Ti multilayers

Ti multilayers

Materials Scienee and Engineering, 97 (1988) 101-104 101 Solid State Amorphization in Ni/Ti Multilayers* J. E. JONGSTE, M. A. HOLLANDERS, B. J. THIJ...

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Materials Scienee and Engineering, 97 (1988) 101-104

101

Solid State Amorphization in Ni/Ti Multilayers* J. E. JONGSTE, M. A. HOLLANDERS, B. J. THIJSSE and E. J. MITTEMEIJER

Laboratory ~?fMetallurgy, Delft University of Technology, Rotterdamseweg 137, 2628 AL Delft (The Netherlands)

Abstract

Successive stages in the annealing of a n Ni/Ti multilayer at 523 K were studied by X-ray diffraction analysis. The results appear to indicate diffusion-induced amorphization, although some diffraction phenomena are not understood. An effective diffusion coefficient for the initial stage o f the solid state reaction was determined. Initial stress development is ascribed to differences in molar volume between the crystalline and amorphous phases. Continued annealing led to stress relaxation. I. Introduction

An amorphous metallic alloy may be obtained by interdiffusion in an assembly of polycrystalline components of the individual elements. For example, amorphization can occur in multilayers of alternately stacked layers of gold and lanthanum [1] and of nickel and zirconium [2]. It has been proposed [l] that the formation of such a metastable amorphous phase may be preferred over the stable crystalline state if (i) a large negative enthalpy of mixing occurs in the liquid state, and (ii) one of the elements shows so-called anomalously fast diffusion in a crystal of the other element. Here we report results on the annealing of a Ni/Ti multilayer. This system shows a large negative enthalpy of mixing in the liquid state [3], and anomalously fast diffusion of nickel in ct-Ti (interstitially) has been reported between 900 and 1150 K [4]. The occurrence of amorphization in Ni/Ti multilayers has been claimed earlier [5]. 2. Experimental details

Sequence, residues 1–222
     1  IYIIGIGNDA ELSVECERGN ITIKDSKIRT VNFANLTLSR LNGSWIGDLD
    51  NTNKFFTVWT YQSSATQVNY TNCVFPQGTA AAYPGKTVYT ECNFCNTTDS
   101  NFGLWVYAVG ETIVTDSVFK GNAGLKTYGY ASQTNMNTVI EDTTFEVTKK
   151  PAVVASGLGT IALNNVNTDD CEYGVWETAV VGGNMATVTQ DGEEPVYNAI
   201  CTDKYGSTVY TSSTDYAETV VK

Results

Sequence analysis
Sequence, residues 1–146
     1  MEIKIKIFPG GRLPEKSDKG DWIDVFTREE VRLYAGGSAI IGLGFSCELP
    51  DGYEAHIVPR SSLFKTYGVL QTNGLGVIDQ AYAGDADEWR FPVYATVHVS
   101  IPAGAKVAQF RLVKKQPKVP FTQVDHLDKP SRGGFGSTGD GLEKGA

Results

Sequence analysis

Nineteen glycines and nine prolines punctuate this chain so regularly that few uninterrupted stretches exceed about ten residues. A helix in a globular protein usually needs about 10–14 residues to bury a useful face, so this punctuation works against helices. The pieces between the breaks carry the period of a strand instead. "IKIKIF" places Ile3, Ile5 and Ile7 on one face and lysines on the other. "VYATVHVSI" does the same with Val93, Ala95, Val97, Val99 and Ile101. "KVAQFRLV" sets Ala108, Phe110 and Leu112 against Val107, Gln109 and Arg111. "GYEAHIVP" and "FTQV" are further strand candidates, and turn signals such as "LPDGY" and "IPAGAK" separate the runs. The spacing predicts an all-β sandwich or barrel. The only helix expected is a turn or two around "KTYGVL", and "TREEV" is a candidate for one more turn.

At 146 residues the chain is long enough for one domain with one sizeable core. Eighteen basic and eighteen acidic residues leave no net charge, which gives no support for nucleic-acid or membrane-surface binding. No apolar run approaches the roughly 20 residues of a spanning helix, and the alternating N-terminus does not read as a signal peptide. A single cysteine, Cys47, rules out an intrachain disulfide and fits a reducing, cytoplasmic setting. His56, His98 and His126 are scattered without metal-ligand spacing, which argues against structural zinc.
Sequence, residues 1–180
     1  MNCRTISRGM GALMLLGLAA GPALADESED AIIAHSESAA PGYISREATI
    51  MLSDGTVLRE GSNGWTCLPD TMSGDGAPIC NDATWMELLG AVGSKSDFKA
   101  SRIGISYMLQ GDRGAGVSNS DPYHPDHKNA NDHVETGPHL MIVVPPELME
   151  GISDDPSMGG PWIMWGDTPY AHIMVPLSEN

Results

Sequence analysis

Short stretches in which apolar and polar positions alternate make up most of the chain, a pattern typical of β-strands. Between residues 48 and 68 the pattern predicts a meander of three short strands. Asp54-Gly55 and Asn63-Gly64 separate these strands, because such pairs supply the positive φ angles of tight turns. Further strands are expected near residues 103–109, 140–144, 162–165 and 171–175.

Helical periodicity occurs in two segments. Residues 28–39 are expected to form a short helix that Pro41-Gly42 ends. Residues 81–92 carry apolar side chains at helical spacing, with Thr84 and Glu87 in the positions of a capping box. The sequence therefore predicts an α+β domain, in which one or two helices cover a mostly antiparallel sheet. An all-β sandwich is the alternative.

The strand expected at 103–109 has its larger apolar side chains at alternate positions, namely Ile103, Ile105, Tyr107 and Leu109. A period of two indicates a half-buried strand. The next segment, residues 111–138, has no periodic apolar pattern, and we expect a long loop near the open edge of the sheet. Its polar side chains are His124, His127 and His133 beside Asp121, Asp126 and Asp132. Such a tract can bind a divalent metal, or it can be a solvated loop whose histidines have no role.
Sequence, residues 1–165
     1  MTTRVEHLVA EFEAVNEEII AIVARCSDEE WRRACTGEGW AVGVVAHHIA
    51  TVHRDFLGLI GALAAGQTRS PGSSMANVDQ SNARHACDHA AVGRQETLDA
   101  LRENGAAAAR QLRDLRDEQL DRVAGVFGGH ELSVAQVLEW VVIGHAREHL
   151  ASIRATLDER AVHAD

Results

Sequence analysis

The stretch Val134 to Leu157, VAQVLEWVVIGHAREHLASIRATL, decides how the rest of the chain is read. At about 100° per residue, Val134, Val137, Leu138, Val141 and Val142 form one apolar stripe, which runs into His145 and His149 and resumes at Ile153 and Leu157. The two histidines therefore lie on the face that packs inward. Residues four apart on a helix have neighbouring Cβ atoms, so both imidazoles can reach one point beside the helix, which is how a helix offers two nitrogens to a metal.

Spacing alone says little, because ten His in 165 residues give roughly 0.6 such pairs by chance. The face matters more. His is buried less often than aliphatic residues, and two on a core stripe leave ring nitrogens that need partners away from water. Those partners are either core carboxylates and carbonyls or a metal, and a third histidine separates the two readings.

An Ni/Ti multilayer was prepared by magnetron sputtering of alternate nickel and titanium layers onto an Si{100} single-crystal substrate. The multilayer consisted of 20 Ni/Ti bilayers, each approximately 20 nm thick. An amorphous SiO2 layer 200 nm thick *Paper presented at the Sixth International Conference on Rapidly Quenched Metals, Montr6al, August 3-7, 1987. 0025-5416/88/$3.50

was used as a diffusion barrier between the substrate and the multilayer. The sample was annealed at 523 K in progressive stages for up to 16 h in an argonatmosphere. After each step structural changes were analysed by X-ray diffractometry, employing an co diffractometer using Cr Ks and Cu Ks radiation. For more details see ref. 6. 3. The as-prepared samples

The overall composition as determined by electron probe microanalysis was 6 3 . 2 + 0 . 1 a t . % N i and 36.8 ___0.1 at.% Ti, signifying nickel and titanium layers of about equal thickness (52 vol.% and 48 vol.% respectively). According to X-ray diffraction analysis the sample was crystalline, and the nickel and ct-Ti phases exhibited a sharp fibre texture with the closepacked Ni{ 111 } and Ti{001 } planes aligned preferentially parallel to the interfaces, in accordance with previous results for samples with the same bilayer thickness [ 5]. 4. Amorphization

The high angle part of the diffraction pattern is shown for progressive annealing times in Fig. 1: as expected, the integrated intensities of the Ni{ 111 } and Ti{002} reflections decreased with time. Evidently one or more new phases were formed, since the nickel and titanium texture sharpness remained constant during annealing. This was confirmed by tilting the sample in the diffractometer (~o tilting) and then performing a 2,9 0 scan to record the crystal reflections at various angles to the fibre axis. Even for moderate values of _+(o the Bragg peaks vanished, but for the annealed samples an intensity band characteristic of an amorphous phase remained after tilting (Fig. 2), The maximum of the intensity band lies at Q=